#9
Are you talking about civvy street?
 
#10
It depends (and this comes back to Ledwidge's book I reviewed a couple of days ago): what do you want your Officers to do, how do you assess that and who does the assessing?

A prime example is ACSC - why do we hold this to be the sine qua non of training for those c38-40 when it is in effect the same MA that a 22 year old can do straight from Uni? Why have we decided that we need an extra 16 years of experience to be able to do it over some spotty sprog civilian? What do those extra 16 years bring to the party and what are we willing to lose to get a SO1 Commander at 30 or 31?

My Grandfather Commanded his 2nd ship, as a new Cdr, at 32 - he wasn't great, but that's what we did in the 60s: why is warfare so much more complex nowadays that my Career Manager recommends that I don't hold out for a Cdr Command until I'm 40?[/QUOTE

If you're being told by your CM not to hold out for Comd until you're 40 then, unless the RN is dramatically different to the Army, you're off the mark already and he's being polite. You'd probably be hoofed out under an "up or out at 45" policy.
 

Pararegtom

LE
Book Reviewer
#11
mmmm read the header wrong, shot officers with a .45 seems harsh a 9mm 0r 7.62m works even better in my experience, but back to thread, lets face it,at the age of 45 he,s a brig or major general and has killed more of his own lads by bad leadership than the enemy has.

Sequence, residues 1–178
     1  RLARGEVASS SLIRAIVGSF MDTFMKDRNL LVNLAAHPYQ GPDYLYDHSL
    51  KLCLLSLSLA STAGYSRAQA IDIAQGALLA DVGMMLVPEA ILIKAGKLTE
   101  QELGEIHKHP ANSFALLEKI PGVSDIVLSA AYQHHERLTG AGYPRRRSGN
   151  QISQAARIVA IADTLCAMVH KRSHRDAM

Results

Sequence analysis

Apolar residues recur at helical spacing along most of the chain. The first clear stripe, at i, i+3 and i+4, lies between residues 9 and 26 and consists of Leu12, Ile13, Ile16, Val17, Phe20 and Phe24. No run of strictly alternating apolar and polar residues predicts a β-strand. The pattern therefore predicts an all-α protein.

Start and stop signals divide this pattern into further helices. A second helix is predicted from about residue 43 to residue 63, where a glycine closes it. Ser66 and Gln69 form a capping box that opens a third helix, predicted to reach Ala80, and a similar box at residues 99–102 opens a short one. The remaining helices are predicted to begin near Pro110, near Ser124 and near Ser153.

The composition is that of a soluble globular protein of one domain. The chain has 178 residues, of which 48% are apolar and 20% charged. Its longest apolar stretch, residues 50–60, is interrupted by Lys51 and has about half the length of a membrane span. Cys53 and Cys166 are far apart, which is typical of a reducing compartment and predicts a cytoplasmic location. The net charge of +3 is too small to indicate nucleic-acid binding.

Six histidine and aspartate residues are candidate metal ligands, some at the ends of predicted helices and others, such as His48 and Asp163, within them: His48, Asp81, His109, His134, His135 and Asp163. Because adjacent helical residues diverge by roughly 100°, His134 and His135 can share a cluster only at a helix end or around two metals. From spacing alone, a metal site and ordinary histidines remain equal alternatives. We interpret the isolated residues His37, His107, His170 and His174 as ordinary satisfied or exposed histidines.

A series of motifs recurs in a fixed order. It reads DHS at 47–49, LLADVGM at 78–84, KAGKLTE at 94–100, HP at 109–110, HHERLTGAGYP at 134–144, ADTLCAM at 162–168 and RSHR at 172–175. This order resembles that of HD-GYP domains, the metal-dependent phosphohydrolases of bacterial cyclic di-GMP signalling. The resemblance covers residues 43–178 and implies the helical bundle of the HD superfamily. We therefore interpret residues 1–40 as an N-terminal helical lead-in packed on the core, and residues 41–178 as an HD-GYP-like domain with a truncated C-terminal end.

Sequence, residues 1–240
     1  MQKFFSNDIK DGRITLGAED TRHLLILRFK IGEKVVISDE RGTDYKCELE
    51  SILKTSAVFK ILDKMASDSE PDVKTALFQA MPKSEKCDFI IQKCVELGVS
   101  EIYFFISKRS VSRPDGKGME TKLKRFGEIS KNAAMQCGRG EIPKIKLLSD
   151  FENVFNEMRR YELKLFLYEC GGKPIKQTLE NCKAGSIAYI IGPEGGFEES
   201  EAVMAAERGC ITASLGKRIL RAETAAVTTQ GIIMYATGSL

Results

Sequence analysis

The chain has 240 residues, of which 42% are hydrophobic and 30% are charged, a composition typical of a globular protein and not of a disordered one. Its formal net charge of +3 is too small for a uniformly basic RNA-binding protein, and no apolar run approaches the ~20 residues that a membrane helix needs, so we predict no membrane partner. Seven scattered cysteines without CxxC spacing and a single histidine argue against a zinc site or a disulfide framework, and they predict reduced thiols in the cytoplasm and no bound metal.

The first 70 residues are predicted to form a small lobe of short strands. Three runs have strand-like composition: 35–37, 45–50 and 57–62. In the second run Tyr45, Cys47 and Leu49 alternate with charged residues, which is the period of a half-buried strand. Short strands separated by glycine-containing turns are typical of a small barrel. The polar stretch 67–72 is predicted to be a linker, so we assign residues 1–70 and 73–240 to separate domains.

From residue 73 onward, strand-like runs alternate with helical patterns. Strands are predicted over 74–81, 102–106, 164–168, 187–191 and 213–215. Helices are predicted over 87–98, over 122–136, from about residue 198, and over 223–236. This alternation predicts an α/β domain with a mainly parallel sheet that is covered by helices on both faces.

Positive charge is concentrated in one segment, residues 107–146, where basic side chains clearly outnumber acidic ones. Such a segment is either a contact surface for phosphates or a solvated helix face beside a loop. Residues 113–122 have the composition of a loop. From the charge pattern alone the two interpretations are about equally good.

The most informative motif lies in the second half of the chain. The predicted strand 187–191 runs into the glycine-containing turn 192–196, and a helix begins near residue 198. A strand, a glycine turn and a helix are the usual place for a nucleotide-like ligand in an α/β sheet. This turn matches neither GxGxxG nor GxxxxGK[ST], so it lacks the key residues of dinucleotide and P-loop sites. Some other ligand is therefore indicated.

#12
Sack Officers at 45?

What an excellent idea, can we do the same with politicians...????

Didn't think so.
 
D

Deleted 20555

Guest
#13
When you say "sack" do you actually mean "leave with a gold plated pension the likes of which others only dream of?"
 
#14
If you're being told by your CM not to hold out for Comd until you're 40 then, unless the RN is dramatically different to the Army, you're off the mark already and he's being polite. You'd probably be hoofed out under an "up or out at 45" policy.
Until the last 2 CO Designates Course, the average age of a CO of a FF/DD was 40.3 on assuming Command. A friend of mine was selected at 35 for Command, they then delayed his assignment until 37 because 'they' didn't want him to have it 'too soon'.
 

A2_Matelot

LE
Book Reviewer
#15
It depends (and this comes back to Ledwidge's book I reviewed a couple of days ago): what do you want your Officers to do, how do you assess that and who does the assessing?